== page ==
Wednesday, 31 August 2022

The World of Art

 A great work of art, if it accomplishes anything, serves to remind us, or let us say to set us dreaming, of all that is fluid and intangible. Which is to say, the universe. It cannot be understood; it can only be accepted or rejected. If accepted we are revitalized; if rejected we are diminished. Whatever it purports to be it is not: it is always something more for which the last word will never be said. It's all that we put into it out of hunger for that which we deny every day of our lives. If we accepted ourselves as completely the work of art, in fact the whole world of art would die of malnutrition.

Henry Miller: Sexus

Wednesday, 24 August 2022

How I never see myself ...

This is the way I never see myself, except on photographs that show me how the ones taking pictures have seen me in a given moment. Only when looking at photographs of me do I have a closer look at myself, it seems to me, for hardly ever I take the time in front of a mirror to contemplate what I have before my eyes.

A strange phenomenon, come to think of it, that aptly illustrates that we cannot see ourselves how others see us. So which view of me is the right one, mine or theirs? Both, of course.

These pics were taken by Blazenka Kostolna on 12 August 2022 in Adliswil.

Wednesday, 17 August 2022

The appeal of newspapers

 The appeal of newspapers was altogether different from the appeal of books. Books were solid and permanent, and newspapers were flimsy, ephemeral throwaways, discarded the instant after they had been read, to be replaced by another one the next morning, every morning a fresh paper for the new day. Books moved forward in a straight line from beginning to end, whereas newspapers were always in several places at once, a hodgepodge of simultaneity and contradiction, with multiple stories coexisting on the same page, each one exposing a different aspect of the world, each one asserting an idea or a fact that had nothing to do with the one that stood beside it, a war on the right, an egg-and-spoon race on the left, a burning building at the top, a Girl Scout reunion at the bottom, big things and small things mixed together, tragic things on page 1 and frivolous things on page 4, winter floods and police investigations, scientific discoveries and dessert recipes, deaths and births, advice to the lovelorn and crossword puzzles, touchdown passes and debates in Congress, cyclones and symphonies, labor strikes and transatlantic balloon voyages, the morning paper necessarily had to include each one of those events in its columns of black, smudgy ink, and every morning Ferguson exulted in the messiness of it all, for that was what the world was, he felt, a big, churning mess, with millions of things happening in it at the same time.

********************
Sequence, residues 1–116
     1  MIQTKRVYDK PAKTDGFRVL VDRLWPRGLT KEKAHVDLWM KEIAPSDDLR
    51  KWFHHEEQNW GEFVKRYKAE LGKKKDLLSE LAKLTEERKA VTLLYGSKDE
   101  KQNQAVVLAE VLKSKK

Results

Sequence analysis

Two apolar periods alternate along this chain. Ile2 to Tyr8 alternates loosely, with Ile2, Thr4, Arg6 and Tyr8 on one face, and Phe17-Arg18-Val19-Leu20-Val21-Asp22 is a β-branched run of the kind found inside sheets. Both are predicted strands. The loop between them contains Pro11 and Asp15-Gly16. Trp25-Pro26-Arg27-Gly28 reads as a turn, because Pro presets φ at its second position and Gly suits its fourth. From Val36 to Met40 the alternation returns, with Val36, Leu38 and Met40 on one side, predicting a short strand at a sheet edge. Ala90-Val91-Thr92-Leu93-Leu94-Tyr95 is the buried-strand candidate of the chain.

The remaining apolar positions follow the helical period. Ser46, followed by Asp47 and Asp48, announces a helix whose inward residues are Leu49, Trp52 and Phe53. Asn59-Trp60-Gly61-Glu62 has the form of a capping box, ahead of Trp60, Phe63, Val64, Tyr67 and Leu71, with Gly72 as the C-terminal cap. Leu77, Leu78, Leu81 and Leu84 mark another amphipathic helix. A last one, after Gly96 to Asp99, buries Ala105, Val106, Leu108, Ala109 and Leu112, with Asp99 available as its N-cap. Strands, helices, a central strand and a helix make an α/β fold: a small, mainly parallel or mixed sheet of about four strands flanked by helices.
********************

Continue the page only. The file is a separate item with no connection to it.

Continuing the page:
Paul Auster: 4 3 2 1

Wednesday, 10 August 2022

On Spirituality

The spiritual life has always attracted me  in theory, not in practice. I do associate it with monks, Thoreau's Walden, simplicity, and wisdom. 

The other day, when starting to reread Pico Iyer's The Lady and the Monk. Four Seasons in Kyoto, I came across this. "... the vision I had always cherished of living simply and alone, in some foreign land, unknown. A life alone was the closest thing to faith I knew, and a life of Thoreauvian quiet seemed most practicable abroad."

"The readiness is all", says Horatio in Hamlet. Readiness for the spiritual life, it seems to me, is only possible once the capitalist options (to have, to possess – including books, ideas as well as knowledge) are exhausted or have become irrelevant. When to simply be sounds attractive.

When the actor Billy Murray was asked: "You're rich, you're famous, what do you still want from life?", he replied (I quote from memory): "To be more consistently here, or differently put: to be also mentally where I am physically." 

Wednesday, 3 August 2022

Chris Patten: The Hong Kong Diaries

I read books for insights and memorable lines respectively. One such line The problems were predictable, and, as always happens, they looked their most formidable on file muddling through is not an option ever advocated in briefing folders  is from Chris Patten's East and West, a tome that I immensely enjoyed; it is also one of the reasons for my interest in The Hong Kong Diaries; the other is my fascination for things Asian.

As befits a published diary, many remarks can be found in this well-written tome that go beyond the purely personal and do express the kind of common sense that I cherish. On his daughter Laura: "She is a lovable girl but at the moment very much a teenager – she knows what she wants to do and that's that." Moreover, it comes with judgements that often made me smile. On Lee Kuan Yew, a man of supreme self-confidence: "A clever Cambridge graduate, he had opinions on most international political subjects and very occasionally would listen to the views of others on the same subjects."